By UCA News
By John Dayal
(UCA News) — Christians in India, and the country’s civil society, are bemused at the June 22 papal meeting with visiting Odisha Chief Minister Naveen Pattnaik. The chief minister is the second important Indian political figure after Prime Minister Narendra Modi to have been granted a papal meeting in the Vatican.
Bengal Chief Minister Mamata Banerjee had sought permission from the government of India, as is the official protocol, to go to the Vatican, but permission was denied. Banerjee, in the eyes of the people, had impeccable credentials to be allowed a trip to Rome and the Vatican.
She had known Mother Teresa in life in Calcutta, now Kolkata. And although a minister in the pro-Hindu Bharatiya Janata Party (BJP)-led government of then prime minister Atal Behari Vajpayee, she has had good relations with Christians and other religious minorities in her state.
Pattnaik has several prominent Christians as members of his Biju Janata Dal but the record of his state and his government has been terrible as far as the community, consisting mostly of tribal people and Dalits, is concerned.
Major incidents of anti-Christian violence at the turn of the century and then in 2007-08 have earned Odisha global notoriety. The international community was reluctant thereafter to invest in the state.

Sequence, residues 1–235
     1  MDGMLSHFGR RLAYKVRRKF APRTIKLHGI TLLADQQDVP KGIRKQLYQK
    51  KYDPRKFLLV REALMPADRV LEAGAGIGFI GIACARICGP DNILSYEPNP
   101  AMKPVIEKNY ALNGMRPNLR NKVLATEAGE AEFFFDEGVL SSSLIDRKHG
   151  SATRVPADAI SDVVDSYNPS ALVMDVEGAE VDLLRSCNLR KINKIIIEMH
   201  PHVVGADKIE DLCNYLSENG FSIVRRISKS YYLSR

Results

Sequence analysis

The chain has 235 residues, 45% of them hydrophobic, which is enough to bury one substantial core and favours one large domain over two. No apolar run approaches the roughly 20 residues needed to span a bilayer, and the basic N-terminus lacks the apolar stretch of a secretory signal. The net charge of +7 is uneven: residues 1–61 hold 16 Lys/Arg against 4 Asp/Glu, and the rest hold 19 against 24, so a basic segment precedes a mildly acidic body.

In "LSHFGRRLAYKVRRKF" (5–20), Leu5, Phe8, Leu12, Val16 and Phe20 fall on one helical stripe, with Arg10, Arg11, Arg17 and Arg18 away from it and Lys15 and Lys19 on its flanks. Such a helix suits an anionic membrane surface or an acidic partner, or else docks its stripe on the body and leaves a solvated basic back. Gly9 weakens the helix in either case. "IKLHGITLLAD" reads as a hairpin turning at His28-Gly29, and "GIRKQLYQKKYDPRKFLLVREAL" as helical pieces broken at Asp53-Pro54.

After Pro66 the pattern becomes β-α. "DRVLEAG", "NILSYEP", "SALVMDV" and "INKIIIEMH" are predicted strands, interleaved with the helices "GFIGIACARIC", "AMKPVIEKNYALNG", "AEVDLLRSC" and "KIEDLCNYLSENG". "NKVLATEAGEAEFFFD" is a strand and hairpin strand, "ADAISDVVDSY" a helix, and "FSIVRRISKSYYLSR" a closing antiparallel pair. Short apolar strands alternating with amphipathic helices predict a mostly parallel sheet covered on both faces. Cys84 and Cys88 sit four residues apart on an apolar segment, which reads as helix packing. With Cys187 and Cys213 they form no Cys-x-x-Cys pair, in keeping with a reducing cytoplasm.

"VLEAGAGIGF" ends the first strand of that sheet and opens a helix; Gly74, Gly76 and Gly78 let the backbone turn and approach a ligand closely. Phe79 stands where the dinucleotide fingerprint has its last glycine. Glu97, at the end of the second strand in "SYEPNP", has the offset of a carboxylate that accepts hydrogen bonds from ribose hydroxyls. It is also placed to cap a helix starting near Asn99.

It is widely believed in the state’s Christian circles that Pattnaik wanted to call on Pope Francis to send a signal to international companies that his government would keep tight control on hate campaigns and violence against religious communities.
Pattnaik, however, has not really distanced himself from Modi or the BJP. On national issues, his party votes with the BJP. He is expected to vote for Modi’s nominee Draupadi Murmu, a tribal leader from Odisha, in the forthcoming presidential election.
But after his one experience of running a coalition government with the BJP in the state, Pattnaik has not allowed it to consolidate itself.
In the last two years, Pattnaik has spent much government money on a “heritage corridor” to improve public infrastructure attached to the 12th-century Lord Jagannath Temple in Puri city. The project will cost the exchequer 8,000 million Indian rupees (US$125 million), according to various estimates.
He also gave a few million rupees to the Muslim community for mosque repairs and infrastructure. The Catholic Church in Odisha is said to have been given less than 100 million rupees to add to the facilities at some churches in the big cities.
The chief minister, however, has refused to give any money for the repair or construction of new churches or infrastructure in the district of Kandhamal, which was the scene of ever-increasing violence since 1964, finally exploding in 2007-08. The violence was masterminded by Hindu nationalists, as the chief minister himself admitted in his state’s legislature.
Aug. 25 is commemorated every year as Kandhamal Day in this forest-clad plateau district. In 2008, the Christian community there, consisting of Kondh tribal people and Pano Dalits, was the target of a mass attack in the aftermath of the murder of Swami Lakshmanananda Saraswati, a vice-president of Vishwa Hindu Parishad (World Hindu Council) who was shot dead in his ashram by a militant Maoist group.
The initial fury of killings and arson lasted several days, its residual fires several weeks, touching several other regions. By the time the savagery subsided, more than 56,000 people had been displaced, half of them spending up to a year in refugee camps organized by the government and civil groups.